Local Crews Work Together After Barge Runs Aground

Contractors removed 400 tons of stone from a beached barge on Saturday.

A barge carrying approximately 400 tons of stone to a project in the area ran aground off Hampton Bays and two local excavating companies responded to help.

Keith Grimes Inc., which has offices in Montauk and Bridgehampton, said they responded Saturday with , a Southampton business, and unloaded the barge, which beached a few days ago off East Landing Road, on the Great Peconic Bay.

Costello Marine, a Greenport-based marine company, had been trying to unload the barge from the water-side, but needed the extra assistance. The two companies' excavators arrived Saturday and removed the load stone by stone. The work was completed around 7 p.m.

"We went to help a friend out," said Susan Grimes, a Montauk resident and the vice president of Keith Grimes, Inc. "They thought they could float out it tonight, but it was too windy," she said. Their sons Peter Grimes and David Grimes were also on scene Saturday night, along with a small crew.

Crews are going to wait until morning, and high tide, to try to free it. Excavators will dig around it, while a Costello Marine tugboat will attempt to pull the barge into deeper waters.

The barge was reportedly on its way to a Costello Marine project in the area.

wendy schellinger schwob December 30, 2012 at 04:10 AM
Great job...need I say more?
Doe, John December 30, 2012 at 08:43 PM
The lunacy of this is that homeowners on the Bay are not allowed by the enviro-nuts at Town Hall to build bulkheads. The geniuses at Town Hall believe that (1) mining boulders, (2) trucking boulders to Suffolk County, (3) dumping boulders in a lot (4) moving boulders onto a barge, (5) burning large quantities of diesel to move the loaded barge, (6) disrupting the bottom of the Bay to unload the barge, and (7) transporting heavy equipment to the site to install the boulders is environmentally superior to having a local marine company build a bulkhead that would do far more to protect homeowners' property than all of the boulders ever will do. When are we going to get some adult supervision and judgment in Town Hall?
Doe, John December 31, 2012 at 01:05 AM
Spoken like a true local who doesn't live on the water. Since we on the water pay a disproportionate share of the property taxes, we have the right to keep the property that we have. I can understand that, being from EH, you probably are an Obama liberal who doesn't respect property rights, so I understand from where you are coming. Nevertheless, you should want the property owners on the water to be able to maintain our properties so that we continue paying our "fair share," i.e., the majority, of the property taxes. If our property is allowed to wash away, as you desire, you would be called upon to pay more of the taxes that you probably voted for the "rich".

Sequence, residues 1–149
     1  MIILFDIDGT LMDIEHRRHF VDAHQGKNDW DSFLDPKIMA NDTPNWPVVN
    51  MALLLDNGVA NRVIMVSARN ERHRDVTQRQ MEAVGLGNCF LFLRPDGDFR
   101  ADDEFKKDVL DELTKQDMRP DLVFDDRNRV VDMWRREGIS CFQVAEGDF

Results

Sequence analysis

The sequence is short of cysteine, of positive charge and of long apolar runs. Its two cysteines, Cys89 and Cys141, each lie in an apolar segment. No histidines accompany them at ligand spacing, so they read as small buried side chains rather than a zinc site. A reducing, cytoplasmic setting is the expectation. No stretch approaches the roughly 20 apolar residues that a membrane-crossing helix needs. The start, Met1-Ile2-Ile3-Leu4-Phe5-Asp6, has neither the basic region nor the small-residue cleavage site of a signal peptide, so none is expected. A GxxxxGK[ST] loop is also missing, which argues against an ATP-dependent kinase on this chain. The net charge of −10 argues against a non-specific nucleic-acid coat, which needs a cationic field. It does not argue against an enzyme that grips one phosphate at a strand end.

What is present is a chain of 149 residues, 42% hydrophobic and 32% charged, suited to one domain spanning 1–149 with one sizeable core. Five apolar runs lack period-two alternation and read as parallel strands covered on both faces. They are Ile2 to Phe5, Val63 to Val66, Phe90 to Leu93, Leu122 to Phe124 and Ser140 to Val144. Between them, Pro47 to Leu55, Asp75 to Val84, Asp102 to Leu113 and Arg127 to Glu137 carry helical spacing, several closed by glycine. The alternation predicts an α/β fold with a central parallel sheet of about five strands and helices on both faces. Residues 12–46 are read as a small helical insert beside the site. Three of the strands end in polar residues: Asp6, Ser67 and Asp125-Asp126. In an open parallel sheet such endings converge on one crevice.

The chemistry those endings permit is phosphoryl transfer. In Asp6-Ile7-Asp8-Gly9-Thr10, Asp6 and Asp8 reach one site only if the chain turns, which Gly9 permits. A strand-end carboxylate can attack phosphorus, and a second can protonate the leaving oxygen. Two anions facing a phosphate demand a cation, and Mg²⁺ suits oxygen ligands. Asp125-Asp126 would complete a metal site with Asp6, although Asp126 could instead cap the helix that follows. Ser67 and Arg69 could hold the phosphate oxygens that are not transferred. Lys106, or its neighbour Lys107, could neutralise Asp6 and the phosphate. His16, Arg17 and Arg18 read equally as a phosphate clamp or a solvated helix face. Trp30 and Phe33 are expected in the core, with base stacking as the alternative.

Rick Hoyt December 31, 2012 at 03:51 AM
That Barge is our Government, ran aground, Rudderless.All the Rocks are the Senate, Congress and the President, dumb as "Rocks" and Look,They're Not talking to each Other Either, Complete Silence, Where's The Transparency ? Sorry for the Sarcasm, It's Just a Suitable Metaphor of where this Country is Presently.
Doe, John December 31, 2012 at 05:49 PM
I assure you that people in EH who live on the water pay more property tax per acre of assessed land...download the town's assessment data some day and scroll through it. It is also a falsehood that bulkheads cause the beach to erode...if they did, the bulkhead would collapse into the water, wouldn't it, so what end would that serve? The third falsehood is that you don't need our tax money...have you looked at the salaries and pensions the local politicians have ushered in for the public employee union members? Not to mention healthcare for themselves and their families until they die and the members of their family die. To that extent, we've all been had.
Deborah Klughers December 31, 2012 at 05:53 PM
“In 1985, the North Carolina Coastal Resources Commission (CRC), a policy-making body for the coastal management program, studied the effects of hard structures on beaches in other states. The CRC concluded that the potential negative effects of such structures could cause irreversible damage to North Carolina’s beaches. As a result, the CRC recommended banning the construction of hard structures to protect buildings at the coast. In 2007, a group of more than 40 coastal geologists issued a statement urging North Carolina to continue its policy of banning hard structures. The scientists argued that without it, the state’s coastline would suffer from worsening erosion up and down the coast.” (University of North Carolina at Chapel Hill)


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